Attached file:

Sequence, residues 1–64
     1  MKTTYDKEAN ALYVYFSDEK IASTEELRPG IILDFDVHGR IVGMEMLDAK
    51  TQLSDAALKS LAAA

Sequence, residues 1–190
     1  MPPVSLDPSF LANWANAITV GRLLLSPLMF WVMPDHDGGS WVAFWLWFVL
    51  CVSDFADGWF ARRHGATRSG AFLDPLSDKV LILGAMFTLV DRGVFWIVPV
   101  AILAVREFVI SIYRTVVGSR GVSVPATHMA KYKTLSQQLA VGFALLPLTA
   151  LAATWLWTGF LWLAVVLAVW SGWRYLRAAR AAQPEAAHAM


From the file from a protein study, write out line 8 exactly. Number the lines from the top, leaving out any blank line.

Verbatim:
   151  LAATWLWTGF LWLAVVLAVW SGWRYLRAAR AAQPEAAHAM